It would not be right to contemplate the establishment of diplomatic relations unless and until there is a declaration by Argentina of its willingness to end the state of hostilities. However, the absence of such a declaration, as I have made plain, does not rule out the wisdom of looking for ways of improving our relationships. I emphasise that that process must start in the areas which are most likely to be practicable, probably in commercial matters.

Mr. David Atkinson

In the interests of establishing this sort of good will, is not the time ripe for the Government to renew their offer to the Argentine Government to facilitate arrangements for the Argentine bereaved to visit the graves of their relatives on the Falkland Islands?

Sir Geoffrey Howe

Yes, I am glad of the opportunity to do that. Since the summer of 1982 we have made it clear on a number of occasions, through the International Red Cross, that we are prepared to facilitate the repatriation of the Argentine dead. That offer remains open. Secondly, we have made it plain that we shall place no obstacle in the way of a visit of the sort described by my hon. Friend by a bona fide group of relatives who meet the conditions that we have suggested and are prepared to go under arrangements made and supervised by the International Red Cross.

Mr. Deakins

Will the Foreign Secretary assure the House that immigration into the Falkland Islands will not be ruled out as a subject for discussion between the two countries?

Sir Geoffrey Howe

I shall consider the point raised by the hon. Gentleman.

Mr. Robert Banks

As the Secretary-General of the United Nations is charged with the task of seeking to bring about talks between ourselves and the Argentine Government, does my right hon. and learned Friend agree that this might be an appropriate moment to make our position known to the Secretary-General, to ascertain whether a dialogue could be initiated?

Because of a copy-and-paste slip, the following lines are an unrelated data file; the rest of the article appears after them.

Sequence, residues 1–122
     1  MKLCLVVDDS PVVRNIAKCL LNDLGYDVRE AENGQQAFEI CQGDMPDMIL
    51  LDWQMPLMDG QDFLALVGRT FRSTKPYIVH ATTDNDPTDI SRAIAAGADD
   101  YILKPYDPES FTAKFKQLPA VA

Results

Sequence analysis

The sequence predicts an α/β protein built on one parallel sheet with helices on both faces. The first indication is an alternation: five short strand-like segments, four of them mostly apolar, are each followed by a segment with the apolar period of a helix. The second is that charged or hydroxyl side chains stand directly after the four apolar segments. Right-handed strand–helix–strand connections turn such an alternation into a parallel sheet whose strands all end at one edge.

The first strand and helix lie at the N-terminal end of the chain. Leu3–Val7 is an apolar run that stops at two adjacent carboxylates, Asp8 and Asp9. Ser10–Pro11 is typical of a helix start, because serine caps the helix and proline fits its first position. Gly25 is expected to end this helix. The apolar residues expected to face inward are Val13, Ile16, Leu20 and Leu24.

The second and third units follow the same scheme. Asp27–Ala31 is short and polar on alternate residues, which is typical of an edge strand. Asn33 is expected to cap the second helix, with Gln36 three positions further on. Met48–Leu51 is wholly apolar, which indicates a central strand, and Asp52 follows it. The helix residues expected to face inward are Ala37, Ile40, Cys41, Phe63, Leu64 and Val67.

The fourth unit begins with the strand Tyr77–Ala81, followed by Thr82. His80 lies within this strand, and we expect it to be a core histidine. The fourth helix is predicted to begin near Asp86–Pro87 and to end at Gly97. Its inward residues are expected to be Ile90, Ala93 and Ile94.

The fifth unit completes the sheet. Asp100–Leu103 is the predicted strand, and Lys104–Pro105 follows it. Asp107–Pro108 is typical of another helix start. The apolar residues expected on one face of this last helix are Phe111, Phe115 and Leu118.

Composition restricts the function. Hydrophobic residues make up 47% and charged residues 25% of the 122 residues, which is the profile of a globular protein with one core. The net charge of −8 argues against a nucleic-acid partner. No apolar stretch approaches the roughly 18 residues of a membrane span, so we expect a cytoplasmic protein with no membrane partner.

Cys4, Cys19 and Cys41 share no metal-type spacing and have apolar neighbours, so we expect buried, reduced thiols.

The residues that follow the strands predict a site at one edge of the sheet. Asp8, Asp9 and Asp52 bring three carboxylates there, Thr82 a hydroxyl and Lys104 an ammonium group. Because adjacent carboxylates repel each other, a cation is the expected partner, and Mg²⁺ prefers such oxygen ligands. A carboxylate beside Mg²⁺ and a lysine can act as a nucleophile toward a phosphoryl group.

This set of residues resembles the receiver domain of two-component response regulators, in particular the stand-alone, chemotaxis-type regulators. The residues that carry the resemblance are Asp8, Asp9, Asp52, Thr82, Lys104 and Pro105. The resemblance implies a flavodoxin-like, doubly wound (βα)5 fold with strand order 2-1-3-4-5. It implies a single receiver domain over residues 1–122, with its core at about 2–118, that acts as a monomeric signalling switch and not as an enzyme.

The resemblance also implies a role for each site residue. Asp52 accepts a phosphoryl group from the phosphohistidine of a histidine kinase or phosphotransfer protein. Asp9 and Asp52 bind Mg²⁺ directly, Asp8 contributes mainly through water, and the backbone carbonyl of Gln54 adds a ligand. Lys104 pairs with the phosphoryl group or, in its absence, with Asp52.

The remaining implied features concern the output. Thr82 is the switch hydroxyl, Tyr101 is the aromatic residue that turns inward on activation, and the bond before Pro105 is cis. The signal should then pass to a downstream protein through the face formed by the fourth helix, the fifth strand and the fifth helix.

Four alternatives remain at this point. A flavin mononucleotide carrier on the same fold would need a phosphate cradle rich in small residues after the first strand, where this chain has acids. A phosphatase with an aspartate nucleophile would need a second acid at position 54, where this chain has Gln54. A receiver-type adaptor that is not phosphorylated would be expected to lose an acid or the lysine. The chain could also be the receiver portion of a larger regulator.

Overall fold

Sir Geoffrey Howe

I think that the Secretary-General of the United Nations had our position made plain to him in the course of the work that he did before reporting to the General Assembly towards the end of last year. It seems that the right way of setting about this process is to seek to improve relationships through the intermediation of the protecting powers, and to move from that to try to establish a normal pattern of business between the two countries.

Mr. Healey

As the fortress Falklands policy, according to the Government's own figure, will cost the British taxpayer £2 million a year for the next three years for every family of Falklanders, and as much of that money is wasted through incompetence, as we have seen recently in respect of housing, will Her Majesty's Government show the same readiness to meet the democratic leader of the Argentine half way as they have demonstrated in offering to meet the Communist leader of the Soviet Union halfway? Will they undertake negotiations with the democratic Government of Argentina about the future of the Falklands without preconditions, as they have already undertaken negotiations with the Communist Government of China about the future of the 6 million people in Hong Kong?

Sir Geoffrey Howe

The parallel which the right hon. Gentleman sought to draw at the end of his supplementary question is characteristically inappropriate. The fact that cannot and must not be overlooked is that the Falkland Islands were the subject of an unprovoked armed invasion, which took place a very few weeks after the Argentine Government of that time had been purporting to negotiate on the future of the islands. Having said that, it is sensible for us to be willing, as we have made clear, to seek a better relationship with the democratic Government of the Argentine. We have welcomed their election, but we must invite them to have some respect for the right of those who live on the Falklands to self-determination.